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#115979 01/18/04 02:09 AM
Joined: Oct 2000
Posts: 3,672
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[Linked Image]
Quote
Question: Is this permitted?

Can I daisy chain these together and are they suitable for use as extension cords?

-Anonymous
(submitted via Joe Tedesco)

#115980 01/18/04 09:59 AM
Joined: Dec 2000
Posts: 4,291
Member
The UL White Book lists these gizmos as "Relocatable Power Taps (XBYS)"

They are intended to plug "directly into a permanently installed branch circuit receptacle"
They are "not intended to be series connected (daisy chained) to other relocatable power taps or extension cords."
Additionally, the aren't to be permanently attached to anything (workbench, desk, etc), and can't be used on construction sites (although I sure see lots of them used on sites for battery chargers, big dumb radios, and the like).

Thanks to Joe, and ECN, we've all got easy access to this kind of info. I never would have dreamed of finding something like this in the past. Pay attention, it pays...S

[This message has been edited by electure (edited 01-18-2004).]

#115981 01/18/04 10:31 AM
Joined: Aug 2003
Posts: 1,374
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Moderator
I think this a very good topic.

I often run into a prediciment when doing business license inspections. People will have extension cords all over the place and I turn them down. Usually I come back and see (1) power strip installed to resolve the issue. I'm happy.

The problem is when they do what is pictured above. When the alternative is to supply additional receptacles at a cost that may not be an option to the small business owner, is this really that big of a problem?


Ryan Jackson,
Salt Lake City
#115982 01/18/04 11:03 AM
Joined: Sep 2001
Posts: 806
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Member
"Additionally, the aren't to be permanently attached to anything (workbench, desk, etc)"

I wonder why most of them have mounting holes on them then?

#115983 01/18/04 11:45 AM
Joined: Jan 2004
Posts: 7
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Junior Member
Always a bit sad to see something like this. The things people will do to avoid coughing up the dollars for those extra outlets.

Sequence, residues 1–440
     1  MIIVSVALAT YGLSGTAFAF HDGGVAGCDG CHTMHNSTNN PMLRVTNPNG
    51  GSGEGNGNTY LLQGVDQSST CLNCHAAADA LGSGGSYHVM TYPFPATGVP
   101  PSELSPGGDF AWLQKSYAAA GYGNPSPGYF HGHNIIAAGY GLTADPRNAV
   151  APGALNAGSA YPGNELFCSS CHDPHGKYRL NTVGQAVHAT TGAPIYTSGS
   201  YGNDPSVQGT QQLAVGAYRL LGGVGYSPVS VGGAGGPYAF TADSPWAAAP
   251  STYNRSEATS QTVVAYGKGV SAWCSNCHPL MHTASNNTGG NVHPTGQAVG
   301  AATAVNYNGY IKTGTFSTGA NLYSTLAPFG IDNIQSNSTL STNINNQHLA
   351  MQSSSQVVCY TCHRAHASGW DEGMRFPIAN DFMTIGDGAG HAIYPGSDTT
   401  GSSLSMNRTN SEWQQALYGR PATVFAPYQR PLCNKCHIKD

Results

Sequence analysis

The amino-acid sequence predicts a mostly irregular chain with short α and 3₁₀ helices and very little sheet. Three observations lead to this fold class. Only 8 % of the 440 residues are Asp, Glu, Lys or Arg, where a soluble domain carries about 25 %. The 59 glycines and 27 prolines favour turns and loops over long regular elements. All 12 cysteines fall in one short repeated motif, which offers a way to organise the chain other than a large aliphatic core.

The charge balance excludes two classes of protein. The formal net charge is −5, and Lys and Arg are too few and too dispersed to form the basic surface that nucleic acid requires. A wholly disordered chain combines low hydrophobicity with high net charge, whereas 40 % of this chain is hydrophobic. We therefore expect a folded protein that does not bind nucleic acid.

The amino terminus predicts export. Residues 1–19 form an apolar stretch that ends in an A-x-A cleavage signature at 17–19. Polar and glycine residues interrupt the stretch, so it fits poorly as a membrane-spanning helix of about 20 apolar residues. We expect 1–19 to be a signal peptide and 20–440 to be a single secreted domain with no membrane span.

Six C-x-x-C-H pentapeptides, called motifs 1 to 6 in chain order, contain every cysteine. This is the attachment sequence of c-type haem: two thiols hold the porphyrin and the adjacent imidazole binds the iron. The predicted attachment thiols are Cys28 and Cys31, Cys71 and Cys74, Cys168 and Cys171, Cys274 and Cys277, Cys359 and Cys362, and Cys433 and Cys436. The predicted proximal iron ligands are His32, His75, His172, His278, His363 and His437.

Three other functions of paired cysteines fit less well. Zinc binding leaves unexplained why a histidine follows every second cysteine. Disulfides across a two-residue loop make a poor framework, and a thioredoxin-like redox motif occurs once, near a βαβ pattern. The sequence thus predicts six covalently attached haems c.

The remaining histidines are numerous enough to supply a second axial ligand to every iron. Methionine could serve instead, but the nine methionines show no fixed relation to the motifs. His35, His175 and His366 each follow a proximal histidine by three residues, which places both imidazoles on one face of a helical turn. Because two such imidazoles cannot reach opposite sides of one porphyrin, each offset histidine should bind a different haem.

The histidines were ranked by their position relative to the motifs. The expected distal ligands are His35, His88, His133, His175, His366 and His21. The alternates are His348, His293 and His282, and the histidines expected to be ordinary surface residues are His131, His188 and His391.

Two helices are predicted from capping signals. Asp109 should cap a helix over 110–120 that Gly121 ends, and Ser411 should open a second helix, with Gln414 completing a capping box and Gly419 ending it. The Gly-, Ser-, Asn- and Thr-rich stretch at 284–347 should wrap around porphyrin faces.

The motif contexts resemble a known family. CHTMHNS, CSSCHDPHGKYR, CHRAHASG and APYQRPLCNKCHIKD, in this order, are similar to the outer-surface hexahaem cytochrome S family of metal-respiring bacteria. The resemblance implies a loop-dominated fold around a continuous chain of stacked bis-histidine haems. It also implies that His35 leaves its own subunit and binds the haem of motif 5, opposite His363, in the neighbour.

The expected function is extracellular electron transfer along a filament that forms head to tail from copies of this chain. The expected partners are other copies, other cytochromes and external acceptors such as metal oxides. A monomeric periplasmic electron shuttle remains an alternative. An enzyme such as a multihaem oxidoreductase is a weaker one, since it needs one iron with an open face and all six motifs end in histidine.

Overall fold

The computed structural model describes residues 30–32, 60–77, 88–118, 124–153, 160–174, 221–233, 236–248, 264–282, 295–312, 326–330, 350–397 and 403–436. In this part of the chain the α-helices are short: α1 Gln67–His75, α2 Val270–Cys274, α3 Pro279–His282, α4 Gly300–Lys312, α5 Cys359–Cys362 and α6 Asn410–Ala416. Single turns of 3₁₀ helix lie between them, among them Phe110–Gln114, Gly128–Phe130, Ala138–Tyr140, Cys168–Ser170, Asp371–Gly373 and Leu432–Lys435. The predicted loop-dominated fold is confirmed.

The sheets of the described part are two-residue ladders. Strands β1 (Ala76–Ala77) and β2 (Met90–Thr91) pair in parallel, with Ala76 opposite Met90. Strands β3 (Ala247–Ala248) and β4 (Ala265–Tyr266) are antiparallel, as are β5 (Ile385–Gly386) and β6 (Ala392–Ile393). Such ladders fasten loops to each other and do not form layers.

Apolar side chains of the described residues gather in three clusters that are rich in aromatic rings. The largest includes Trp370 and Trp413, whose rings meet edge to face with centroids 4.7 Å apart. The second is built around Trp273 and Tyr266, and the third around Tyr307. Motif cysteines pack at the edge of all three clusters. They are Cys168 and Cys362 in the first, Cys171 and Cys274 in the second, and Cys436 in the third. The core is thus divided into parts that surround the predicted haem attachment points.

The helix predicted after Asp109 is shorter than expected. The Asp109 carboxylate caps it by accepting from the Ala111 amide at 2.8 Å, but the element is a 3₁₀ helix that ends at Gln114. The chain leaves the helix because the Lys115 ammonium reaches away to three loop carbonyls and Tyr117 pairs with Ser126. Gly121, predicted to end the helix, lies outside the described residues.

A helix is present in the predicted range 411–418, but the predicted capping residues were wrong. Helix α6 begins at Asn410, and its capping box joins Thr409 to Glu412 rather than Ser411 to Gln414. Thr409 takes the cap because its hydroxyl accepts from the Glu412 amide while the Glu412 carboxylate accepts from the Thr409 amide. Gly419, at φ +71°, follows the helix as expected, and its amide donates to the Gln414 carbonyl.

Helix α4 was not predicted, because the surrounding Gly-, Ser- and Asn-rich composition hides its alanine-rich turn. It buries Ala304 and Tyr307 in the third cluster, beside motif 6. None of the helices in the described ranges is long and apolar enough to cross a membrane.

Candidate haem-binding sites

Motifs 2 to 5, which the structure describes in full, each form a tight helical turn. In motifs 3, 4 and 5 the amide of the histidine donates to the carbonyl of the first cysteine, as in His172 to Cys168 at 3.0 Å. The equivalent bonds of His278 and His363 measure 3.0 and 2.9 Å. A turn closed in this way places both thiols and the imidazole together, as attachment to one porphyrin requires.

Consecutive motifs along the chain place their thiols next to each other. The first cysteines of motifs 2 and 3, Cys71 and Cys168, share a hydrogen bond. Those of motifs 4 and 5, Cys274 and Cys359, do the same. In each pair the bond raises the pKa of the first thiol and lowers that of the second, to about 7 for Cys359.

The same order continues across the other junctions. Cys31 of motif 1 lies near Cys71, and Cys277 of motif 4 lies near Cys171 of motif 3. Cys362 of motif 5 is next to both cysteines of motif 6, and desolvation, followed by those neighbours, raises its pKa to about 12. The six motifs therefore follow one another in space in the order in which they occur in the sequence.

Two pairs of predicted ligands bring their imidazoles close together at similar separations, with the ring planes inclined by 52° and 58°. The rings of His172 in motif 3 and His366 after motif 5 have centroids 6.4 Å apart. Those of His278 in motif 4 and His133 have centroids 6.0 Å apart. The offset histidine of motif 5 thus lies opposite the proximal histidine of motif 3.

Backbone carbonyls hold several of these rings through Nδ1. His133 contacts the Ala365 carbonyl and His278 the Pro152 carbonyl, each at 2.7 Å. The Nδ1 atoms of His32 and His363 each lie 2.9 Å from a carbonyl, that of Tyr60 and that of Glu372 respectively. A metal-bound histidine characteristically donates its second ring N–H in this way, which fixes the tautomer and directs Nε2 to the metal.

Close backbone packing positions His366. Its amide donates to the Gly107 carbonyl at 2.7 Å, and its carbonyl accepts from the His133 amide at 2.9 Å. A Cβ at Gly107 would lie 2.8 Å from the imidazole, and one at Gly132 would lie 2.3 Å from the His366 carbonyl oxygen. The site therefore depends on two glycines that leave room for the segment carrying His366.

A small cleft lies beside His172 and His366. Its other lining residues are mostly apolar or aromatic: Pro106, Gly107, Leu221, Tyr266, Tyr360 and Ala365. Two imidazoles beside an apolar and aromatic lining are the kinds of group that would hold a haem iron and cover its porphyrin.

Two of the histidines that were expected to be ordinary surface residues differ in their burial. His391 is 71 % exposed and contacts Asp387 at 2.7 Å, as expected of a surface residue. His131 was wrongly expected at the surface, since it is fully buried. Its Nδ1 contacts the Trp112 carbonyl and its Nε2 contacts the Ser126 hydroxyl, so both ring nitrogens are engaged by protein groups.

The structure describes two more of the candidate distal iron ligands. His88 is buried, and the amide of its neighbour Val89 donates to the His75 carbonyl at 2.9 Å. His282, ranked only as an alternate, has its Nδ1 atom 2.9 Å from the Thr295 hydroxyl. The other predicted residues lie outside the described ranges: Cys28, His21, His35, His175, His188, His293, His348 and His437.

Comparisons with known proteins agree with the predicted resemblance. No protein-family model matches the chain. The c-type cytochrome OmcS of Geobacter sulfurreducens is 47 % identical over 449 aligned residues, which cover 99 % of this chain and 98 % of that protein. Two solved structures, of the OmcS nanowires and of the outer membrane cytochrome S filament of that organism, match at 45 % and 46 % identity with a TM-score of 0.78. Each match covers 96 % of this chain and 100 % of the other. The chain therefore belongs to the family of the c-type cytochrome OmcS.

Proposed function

I suppose on the plus side at least some of them now have over current or thermal trips built into them..... [Linked Image]

Not sure what the regs are on them down here.

ciao

#115984 01/18/04 03:30 PM
Joined: Oct 2000
Posts: 2,749
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Thanks for the kind words Scott:

Just to make it clearer concerning your remarks here is the link that will get the UL "White" Book onto you machine.

You will need Acrobat Reader:

Quote
Here is a publication that includes many of the answers to questions related to the use of electrical equipment.

I offer it for your use and review when certain product issues arise.

Keep in mind that it is revised every year, but does not change drastically only to include new materials, or revisions or even deletions of information:


Download here:
http://joetedesco.com/2003geninfo.pdf

Question: Are pump assemblies and controls for use in pumping sewage considered as hazardous (classified) locations, even on residential properties?


Joe Tedesco, NEC Consultant
#115985 01/20/04 08:48 AM
Joined: Dec 2002
Posts: 330
S
Member
Ryan,
Yes it is that big of a problem.

It seems to be wide spread with the worst I've seen being under a computer room floor where two were daisy chained into a third, this third one daisey chained with a forth one into a fifth which finally went into the wall.

Lastly, the wiring and the standard they are built to are for small amperage loads connected to each receptacle. Daisy chaining them concentrates the loading to one receptacle which is not designed for the concentrated load. The device as a whole is often protected against over current; but each receptacle is not, being considered a tap.

We have had reports of fires with these of the surge protector type when daisy chained, though I do not know the details.

Shane

#115986 01/22/04 03:50 PM
Joined: Oct 2000
Posts: 3,672
Likes: 2
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Another photo, same source:

[Linked Image]

#115987 01/22/04 08:10 PM
Joined: Jun 2003
Posts: 1,143
D
Member
[smart aleck]Of course, the question comes up... [Linked Image]

If they plugged load strip 'A' into load strip 'B', and then plugged load strip 'B' into load strip 'A', what would the voltage drop be? [Linked Image]

[/smart aleck]

#115988 01/22/04 08:21 PM
Joined: Nov 2002
Posts: 794
Likes: 2
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Member
Quote
the wiring and the standard they are built to are for small amperage loads connected to each receptacle. Daisy chaining them concentrates the loading to one receptacle which is not designed for the concentrated load. The device as a whole is often protected against over current; but each receptacle is not, being considered a tap.
Suppose someone plugs in a kilowatt space heater in one of the outlets, and nothing in the others. Its circuit breaker would allow the current, but would the individual outlet be overloaded? Essentially the strip closest to the power source in a daisy chain would see a similar effect, lots of cuurrent in one outlet, light loading on the others. I would avoid daisy chaining because of all the voltage drop losses incurred from all those outlet/plug connections. Similar to those office cubicle wiring systems with all the jumpers and sockets. We had one burn badly out years ago. The company had an electrician replace all that with a new conduit system attached to the cubicle walls.

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